When you look at all of the stats pointing to the low levels of employee engagement in the US and around the world, you might start to believe that people are naturally lazy and disengaged—or that people wouldn’t work if they didn’t have to.
But that’s not true. In fact, that kind of misinterpretation of the research can lead to assumptions that actually perpetuate disengagement, such as the concept of organizations needing to use incentives, rewards, promotions, praising, perks, status building, pay raises, games, competition, or prizes to get anything accomplished.
Knowing the truth behind the nature of human motivation will not only help you reframe the research and rethink your basic beliefs, it will also allow you to embrace new practices that result in employee engagement and work passion. Let me explain.
People’s Basic Nature is to Thrive
In the 2014 movie Gravity, Sandra Bullock’s character goes into space because she has no reason to live on planet Earth. When circumstances spell certain death, she contemplates giving up. But then we witness her remarkable resilience and creativity as she fights to return to Earth.
As we learn watching the plot unfold in the movie, our true human nature is to thrive by making choices, finding meaning, and developing skills to cope with what the world throws at us. But is that a struggle we have to take on alone? I don’t think so. In fact, I think leaders can greatly accelerate the process by developing strategies to help people experience what every human being needs to thrive: the three psychological needs for autonomy, relatedness, and competence.
- Define boundaries people need to know and then help them explore the choices they have within those boundaries.
- Demonstrate you care about people through proactive listening.
- Encourage people to develop new skills on a regular basis. Even mundane work is brought to life when people identify transferable skills they can develop such as learning how to focus, improving people skills, practicing different communication styles, etc.
Nobody Wants to be Bored and Disengaged
People want to make worthwhile contributions. People appreciate meaningful challenges. Two of the world’s leading researchers on motivation, Edward Deci and Richard Ryan, wrote a beautiful explanation of human nature*:
“The fullest representations of humanity show people to be curious, vital, and self-motivated. At their best, they are agentic and inspired, striving to learn; extend themselves; master new skills; and apply their talents responsibly. That most people show considerable effort, agency, and commitment in their lives appears, in fact, to be more normative than exceptional, suggesting some very positive and persistent features of human nature. Yet, it is also clear that the human spirit can be diminished or crushed… “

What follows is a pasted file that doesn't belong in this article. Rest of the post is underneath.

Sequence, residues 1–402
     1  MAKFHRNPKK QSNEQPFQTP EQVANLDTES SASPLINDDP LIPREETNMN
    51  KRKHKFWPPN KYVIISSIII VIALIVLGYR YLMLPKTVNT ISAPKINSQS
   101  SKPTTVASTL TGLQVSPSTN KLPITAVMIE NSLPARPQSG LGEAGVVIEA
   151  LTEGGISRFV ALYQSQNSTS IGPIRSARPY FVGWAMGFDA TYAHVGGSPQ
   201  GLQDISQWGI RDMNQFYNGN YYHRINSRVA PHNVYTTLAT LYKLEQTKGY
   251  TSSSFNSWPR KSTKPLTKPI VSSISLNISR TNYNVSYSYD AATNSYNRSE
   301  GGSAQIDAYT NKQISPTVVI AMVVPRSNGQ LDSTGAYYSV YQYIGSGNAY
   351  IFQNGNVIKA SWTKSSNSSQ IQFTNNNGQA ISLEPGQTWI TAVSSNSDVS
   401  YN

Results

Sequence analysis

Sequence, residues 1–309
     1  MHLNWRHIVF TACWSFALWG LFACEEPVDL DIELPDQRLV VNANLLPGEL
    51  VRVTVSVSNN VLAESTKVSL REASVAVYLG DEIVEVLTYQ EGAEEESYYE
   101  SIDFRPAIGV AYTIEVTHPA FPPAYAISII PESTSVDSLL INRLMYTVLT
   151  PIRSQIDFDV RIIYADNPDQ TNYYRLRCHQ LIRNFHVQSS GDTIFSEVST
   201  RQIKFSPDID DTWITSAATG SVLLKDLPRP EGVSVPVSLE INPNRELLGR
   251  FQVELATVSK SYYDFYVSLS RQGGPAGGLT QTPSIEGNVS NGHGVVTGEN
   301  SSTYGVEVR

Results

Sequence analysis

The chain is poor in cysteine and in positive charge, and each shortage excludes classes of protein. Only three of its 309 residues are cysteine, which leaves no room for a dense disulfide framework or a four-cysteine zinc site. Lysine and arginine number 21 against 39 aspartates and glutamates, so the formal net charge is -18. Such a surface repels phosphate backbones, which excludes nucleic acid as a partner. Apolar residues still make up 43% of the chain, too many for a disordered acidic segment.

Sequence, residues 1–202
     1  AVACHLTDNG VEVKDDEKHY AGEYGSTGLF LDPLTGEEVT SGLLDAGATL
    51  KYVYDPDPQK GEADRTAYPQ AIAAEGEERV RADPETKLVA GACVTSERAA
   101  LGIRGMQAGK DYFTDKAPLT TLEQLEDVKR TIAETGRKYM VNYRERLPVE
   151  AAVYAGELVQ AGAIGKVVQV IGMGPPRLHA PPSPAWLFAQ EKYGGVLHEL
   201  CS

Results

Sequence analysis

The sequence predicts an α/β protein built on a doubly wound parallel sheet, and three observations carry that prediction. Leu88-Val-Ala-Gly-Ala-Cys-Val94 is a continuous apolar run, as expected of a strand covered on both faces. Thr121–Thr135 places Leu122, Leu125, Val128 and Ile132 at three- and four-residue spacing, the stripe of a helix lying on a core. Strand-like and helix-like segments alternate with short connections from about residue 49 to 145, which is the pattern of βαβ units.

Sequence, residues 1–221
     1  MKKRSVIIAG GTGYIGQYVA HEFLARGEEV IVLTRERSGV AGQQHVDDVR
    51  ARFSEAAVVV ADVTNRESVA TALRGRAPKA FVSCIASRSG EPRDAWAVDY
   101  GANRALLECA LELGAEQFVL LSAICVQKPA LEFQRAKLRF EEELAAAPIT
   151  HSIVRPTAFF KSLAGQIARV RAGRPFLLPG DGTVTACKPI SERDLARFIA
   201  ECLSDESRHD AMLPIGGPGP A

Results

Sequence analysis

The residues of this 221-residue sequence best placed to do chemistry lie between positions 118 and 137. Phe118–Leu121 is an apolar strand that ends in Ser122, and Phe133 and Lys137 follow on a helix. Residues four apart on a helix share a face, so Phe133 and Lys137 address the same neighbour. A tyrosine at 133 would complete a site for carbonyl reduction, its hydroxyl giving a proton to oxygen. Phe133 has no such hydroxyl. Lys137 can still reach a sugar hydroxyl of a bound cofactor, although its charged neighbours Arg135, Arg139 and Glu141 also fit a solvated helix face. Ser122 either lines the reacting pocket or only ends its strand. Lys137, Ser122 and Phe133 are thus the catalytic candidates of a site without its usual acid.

What does this mean for leaders? That it’s important to engage in one-on-one conversations to help people explore their inherent interests, align tasks with their deepest values, and connect their work to a sense of purpose.
Promote Human Thriving
If you believe the high number of disengaged employees reflects a natural state of being, you probably tend to depend on traditional means to fix disengagement—like the incentives, rewards, promotions, etc., I mentioned earlier.
But as you run out of resources and find your workforce is still disengaged, you may need to stop looking for different ways of motivating people and rethink your basic beliefs about human nature and disengagement. Only then will you spark the innovation to develop strategies that promote human thriving—and true engagement—in the workplace.
About the Author
Susan Fowler is a senior consulting partner with The Ken Blanchard Companies, co-creator of the company’s Optimal Motivation and Situational Self Leadership training programs, and the author of the bestselling book, Why Motivating People Doesn’t Work … And What Does: The New Science of Leading, Engaging, and Energizing.